b = q ./ (xi'*a);

Exercice 1: (check the solution) Implement Sinkhorn algorithm. Display the evolution of the constraints satisfaction errors \( \norm{ \pi \ones - p }, \norm{ \pi^T \ones - q } \) (you need to think about how to compute these residuals from \((a,b)\) alone).


Compute the final matrix.

Pi = diag(a)*xi*diag(b);

Display it.


Exercice 2: (check the solution) Display the regularized transport solution for various values of \(\gamma\). For a too small value of \(\gamma\), what do you observe ?


Compute the obtained optimal \(\pi\).

Pi = diag(a)*xi*diag(b);

Keep only the highest entries of the coupling matrix, and use them to draw a map between the two clouds. First we draw "strong" connexions, i.e. linkds \((i,j)\) corresponding to large values of \(\pi_{i,j}\). We then draw weaker connexions.

hold on;
A = sparse( Pi .* (Pi> min(1./N)*.7) ); [i,j,~] = find(A);
h = plot([x(1,i);y(1,j)], [x(2,i);y(2,j)], 'k');
set(h, 'LineWidth', 2); % weaker connections.
A = sparse( Pi .* (Pi> min(1./N)*.3) ); [i,j,~] = find(A);
h = plot([x(1,i);y(1,j)], [x(2,i);y(2,j)], 'k:');
set(h, 'LineWidth', 1);
plotp(x, 'b'); % plot the two point clouds.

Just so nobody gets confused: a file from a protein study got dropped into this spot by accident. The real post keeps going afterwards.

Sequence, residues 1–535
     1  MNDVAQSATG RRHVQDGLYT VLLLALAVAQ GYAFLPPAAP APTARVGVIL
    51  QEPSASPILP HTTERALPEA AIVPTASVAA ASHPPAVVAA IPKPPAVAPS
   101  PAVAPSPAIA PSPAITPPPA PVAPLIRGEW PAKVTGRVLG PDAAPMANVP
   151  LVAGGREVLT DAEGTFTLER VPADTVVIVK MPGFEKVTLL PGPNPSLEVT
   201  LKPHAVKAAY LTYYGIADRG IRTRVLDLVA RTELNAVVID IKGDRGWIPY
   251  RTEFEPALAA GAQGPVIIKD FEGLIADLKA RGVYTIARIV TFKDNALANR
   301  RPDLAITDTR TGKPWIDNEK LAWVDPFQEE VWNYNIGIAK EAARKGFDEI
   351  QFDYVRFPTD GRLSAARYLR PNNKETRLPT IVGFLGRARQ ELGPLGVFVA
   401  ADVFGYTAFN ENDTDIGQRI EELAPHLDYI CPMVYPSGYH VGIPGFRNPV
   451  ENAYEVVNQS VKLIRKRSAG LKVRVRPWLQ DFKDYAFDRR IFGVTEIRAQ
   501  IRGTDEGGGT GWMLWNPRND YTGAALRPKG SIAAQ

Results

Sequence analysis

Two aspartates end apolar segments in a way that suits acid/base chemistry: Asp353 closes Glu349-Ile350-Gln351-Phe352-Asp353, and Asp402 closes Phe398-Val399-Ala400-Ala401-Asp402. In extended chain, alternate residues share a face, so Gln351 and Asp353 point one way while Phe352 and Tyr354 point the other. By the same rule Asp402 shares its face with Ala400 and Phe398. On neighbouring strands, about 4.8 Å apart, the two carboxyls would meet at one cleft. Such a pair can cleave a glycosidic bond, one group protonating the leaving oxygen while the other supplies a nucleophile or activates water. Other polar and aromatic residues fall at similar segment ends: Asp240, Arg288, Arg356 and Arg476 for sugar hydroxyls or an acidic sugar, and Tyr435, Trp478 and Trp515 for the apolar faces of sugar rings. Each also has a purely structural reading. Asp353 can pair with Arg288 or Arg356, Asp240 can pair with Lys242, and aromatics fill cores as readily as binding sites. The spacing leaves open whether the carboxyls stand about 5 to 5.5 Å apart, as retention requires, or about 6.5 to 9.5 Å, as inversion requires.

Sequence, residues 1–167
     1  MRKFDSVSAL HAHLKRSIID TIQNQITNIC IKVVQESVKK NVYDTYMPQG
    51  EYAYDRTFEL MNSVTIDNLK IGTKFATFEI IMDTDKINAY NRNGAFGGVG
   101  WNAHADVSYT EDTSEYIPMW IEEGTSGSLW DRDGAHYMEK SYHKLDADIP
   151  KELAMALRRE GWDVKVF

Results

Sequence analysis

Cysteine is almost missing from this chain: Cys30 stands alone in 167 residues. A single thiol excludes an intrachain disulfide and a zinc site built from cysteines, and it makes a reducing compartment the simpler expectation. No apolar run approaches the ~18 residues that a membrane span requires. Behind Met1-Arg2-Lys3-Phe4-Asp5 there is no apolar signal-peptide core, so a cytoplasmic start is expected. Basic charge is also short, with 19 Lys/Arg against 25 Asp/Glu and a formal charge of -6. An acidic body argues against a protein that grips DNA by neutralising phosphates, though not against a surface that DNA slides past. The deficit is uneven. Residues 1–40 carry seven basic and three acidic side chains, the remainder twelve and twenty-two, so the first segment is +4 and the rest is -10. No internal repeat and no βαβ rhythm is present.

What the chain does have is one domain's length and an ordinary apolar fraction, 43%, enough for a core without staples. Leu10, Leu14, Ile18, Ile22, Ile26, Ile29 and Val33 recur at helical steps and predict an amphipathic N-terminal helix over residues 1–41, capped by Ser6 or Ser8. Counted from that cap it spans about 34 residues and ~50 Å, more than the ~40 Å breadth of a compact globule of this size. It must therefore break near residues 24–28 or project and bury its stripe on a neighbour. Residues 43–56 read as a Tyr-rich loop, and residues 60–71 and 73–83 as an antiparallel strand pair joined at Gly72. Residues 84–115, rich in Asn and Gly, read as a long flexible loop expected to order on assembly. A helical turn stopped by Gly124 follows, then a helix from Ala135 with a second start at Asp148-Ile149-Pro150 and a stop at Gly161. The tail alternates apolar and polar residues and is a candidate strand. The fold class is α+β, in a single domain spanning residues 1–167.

plotp(y, 'r');
axis('off'); axis('equal');

Transport Between Histograms

We now consider a different setup, where the histogram values \(p,q\) are not uniform, but the measures are defined on a uniform grid \(x_i=y_i=i/N\). They are thue often refered to as "histograms".

Size \(N\) of the histograms.

N = 200;

We use here a 1-D square Euclidean metric.

t = (0:N-1)'/N;

Define the histogram \(p,q\) as translated Gaussians.

Gaussian = @(t0,sigma)exp( -(t-t0).^2/(2*sigma^2) );
normalize = @(p)p/sum(p(:));
sigma = .06;
p = Gaussian(.25,sigma);
q = Gaussian(.8,sigma);

Add some minimal mass and normalize.

vmin = .02;
p = normalize( p+max(p)*vmin);
q = normalize( q+max(q)*vmin);

Display the histograms.

bar(t, p, 'k'); axis tight;
bar(t, q, 'k'); axis tight;

Regularization strength \(\ga\).

gamma = (.03)^2;

The Gibbs kernel is a Gaussian convolution, \[ \xi_{i,j} = e^{ -(i/N-j/N)^2/\gamma }. \]

[Y,X] = meshgrid(t,t);
xi = exp( -(X-Y).^2 / gamma);

Initialization of \(b_0=\ones_{N}\).